I agree that the phrase "get over it" is not very diplomatic, but I still think that it's OK to (politely!) express the opinion that the OP is overreacting, even if others in the thread have offered advice first.  I think we need to be sensitive to each other, and if a poster is upset, I would not want to add to their stress.  But sometimes our personal baggage/background/triggers make situations seem bigger than they are, and it can be helpful to have someone say "You know, I think this has become a bigger deal that it should have.  It's probably best to leave it alone now." (Or something like that.)

Even if it's just one poster who feels that way.  We've all been there where something triggers us and we get disproportionately upset with some situation and we can't see it because we're in the middle of it.  I just don't see the value in coming here and only having people allowed to validate you.

But maybe I am still misunderstanding the types of threads you mean.  Can you give an example (not from an actual thread, but maybe just a quick generic example?)

Granny Takes a Trip

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Re: Offering unwanted advice or perspectives
« Reply #6 on: October 10, 2010, 10:35:58 AM »
I guess I'm still a little confused then. (I swear I'm not trying to be difficult!)   :)

I agree that the phrase "get over it" is not very diplomatic, but I still think that it's OK to (politely!) express the opinion that the OP is overreacting, even if others in the thread have offered advice first.  I think we need to be sensitive to each other, and if a poster is upset, I would not want to add to their stress.  But sometimes our personal baggage/background/triggers make situations seem bigger than they are, and it can be helpful to have someone say "You know, I think this has become a bigger deal that it should have.  It's probably best to leave it alone now." (Or something like that.)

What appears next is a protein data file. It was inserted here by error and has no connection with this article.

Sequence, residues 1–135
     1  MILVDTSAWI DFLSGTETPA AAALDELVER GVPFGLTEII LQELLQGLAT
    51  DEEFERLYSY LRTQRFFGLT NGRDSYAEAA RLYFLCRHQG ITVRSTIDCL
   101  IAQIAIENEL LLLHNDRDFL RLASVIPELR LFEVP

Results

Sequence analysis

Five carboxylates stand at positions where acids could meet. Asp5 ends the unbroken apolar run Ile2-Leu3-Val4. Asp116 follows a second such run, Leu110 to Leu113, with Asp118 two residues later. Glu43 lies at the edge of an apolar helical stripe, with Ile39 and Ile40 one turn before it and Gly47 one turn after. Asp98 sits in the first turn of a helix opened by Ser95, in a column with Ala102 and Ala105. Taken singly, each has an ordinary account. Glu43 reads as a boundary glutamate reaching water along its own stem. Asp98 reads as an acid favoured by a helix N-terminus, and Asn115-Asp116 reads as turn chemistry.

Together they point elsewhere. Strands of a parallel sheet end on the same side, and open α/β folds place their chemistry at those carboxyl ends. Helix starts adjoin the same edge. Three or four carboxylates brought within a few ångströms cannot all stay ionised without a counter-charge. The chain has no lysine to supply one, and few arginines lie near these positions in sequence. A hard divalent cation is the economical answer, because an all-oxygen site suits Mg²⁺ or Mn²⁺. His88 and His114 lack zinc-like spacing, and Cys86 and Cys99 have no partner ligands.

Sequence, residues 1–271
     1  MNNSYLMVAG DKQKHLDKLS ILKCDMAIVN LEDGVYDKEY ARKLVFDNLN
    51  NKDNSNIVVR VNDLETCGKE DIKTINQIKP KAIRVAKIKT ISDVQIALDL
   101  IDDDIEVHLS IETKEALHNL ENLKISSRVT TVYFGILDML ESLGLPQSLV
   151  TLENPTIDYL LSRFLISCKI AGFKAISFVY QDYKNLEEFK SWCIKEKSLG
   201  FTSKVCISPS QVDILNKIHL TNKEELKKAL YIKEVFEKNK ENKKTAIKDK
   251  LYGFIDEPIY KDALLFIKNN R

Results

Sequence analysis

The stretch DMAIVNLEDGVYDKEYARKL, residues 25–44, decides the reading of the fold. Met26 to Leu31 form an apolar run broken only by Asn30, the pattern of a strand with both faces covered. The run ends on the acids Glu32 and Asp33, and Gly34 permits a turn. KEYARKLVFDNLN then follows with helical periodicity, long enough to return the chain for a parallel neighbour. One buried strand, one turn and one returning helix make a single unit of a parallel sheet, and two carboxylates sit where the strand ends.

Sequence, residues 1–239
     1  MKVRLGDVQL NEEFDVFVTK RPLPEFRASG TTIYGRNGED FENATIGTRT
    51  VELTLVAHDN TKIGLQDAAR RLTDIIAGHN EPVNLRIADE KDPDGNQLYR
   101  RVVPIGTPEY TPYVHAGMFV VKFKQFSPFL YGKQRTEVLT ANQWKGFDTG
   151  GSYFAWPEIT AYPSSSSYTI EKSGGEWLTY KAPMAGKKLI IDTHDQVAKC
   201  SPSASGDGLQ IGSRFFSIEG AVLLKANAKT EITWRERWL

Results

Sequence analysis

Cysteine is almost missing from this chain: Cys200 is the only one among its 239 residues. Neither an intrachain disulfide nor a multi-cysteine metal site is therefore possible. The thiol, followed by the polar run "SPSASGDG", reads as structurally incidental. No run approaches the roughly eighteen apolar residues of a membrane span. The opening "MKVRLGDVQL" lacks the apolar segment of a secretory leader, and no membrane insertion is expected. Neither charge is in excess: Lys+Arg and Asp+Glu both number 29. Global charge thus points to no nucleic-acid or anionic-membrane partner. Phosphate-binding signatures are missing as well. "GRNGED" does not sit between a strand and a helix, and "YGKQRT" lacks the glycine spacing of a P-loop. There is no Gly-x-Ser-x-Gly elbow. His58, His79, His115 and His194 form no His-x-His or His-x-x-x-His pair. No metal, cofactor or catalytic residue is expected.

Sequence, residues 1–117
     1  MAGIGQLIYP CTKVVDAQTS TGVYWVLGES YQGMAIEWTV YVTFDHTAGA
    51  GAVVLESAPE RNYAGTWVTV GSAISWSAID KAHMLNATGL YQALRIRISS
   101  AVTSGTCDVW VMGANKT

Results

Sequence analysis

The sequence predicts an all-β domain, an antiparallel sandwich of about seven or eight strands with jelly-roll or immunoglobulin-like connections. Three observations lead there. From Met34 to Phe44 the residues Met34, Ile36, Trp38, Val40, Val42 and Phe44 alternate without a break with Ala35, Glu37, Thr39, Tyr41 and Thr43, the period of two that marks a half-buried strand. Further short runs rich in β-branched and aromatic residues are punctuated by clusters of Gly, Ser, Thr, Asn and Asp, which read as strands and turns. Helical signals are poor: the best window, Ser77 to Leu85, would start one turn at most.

Even if it's just one poster who feels that way.  We've all been there where something triggers us and we get disproportionately upset with some situation and we can't see it because we're in the middle of it.  I just don't see the value in coming here and only having people allowed to validate you.

But maybe I am still misunderstanding the types of threads you mean.  Can you give an example (not from an actual thread, but maybe just a quick generic example?)

No, I think you got me right this time, I just think we slightly disagree ;) I do see what you're saying, that it's useful to get different perspectives. I do think that that tone and manner do have a lot to do with it, I'm with you 100% there. I think that what I'm objecting to has as much to do with tone as anything. And in fact, people who are in the majority and disagreeing with the OP (or anyone else) I think have to be careful about tone as well, otherwise one ends up with a dogpile.  But there have been a couple of threads lately where I thought there has been quite a useful discussion about how to handle a situation, and then along come one or two posters who think there's a non-issue. I don't think that it is true to say that it is looking for validation to object to those posters then voicing their opinions too stridently. If you (general) think something's a non issue, fine. But you need to be careful how you say it. I suppose I especially dislike the phrase 'This wouldn't be my hill to die on' . Good for you then, but clearly the OP doesn;t feel that way. I think that threre are one or two people who say the 'hill to die on' line a bit brusquely, and then run off. I feel that this is rude, either give a full and considered answer, in tone with the thread, or refrain from commenting.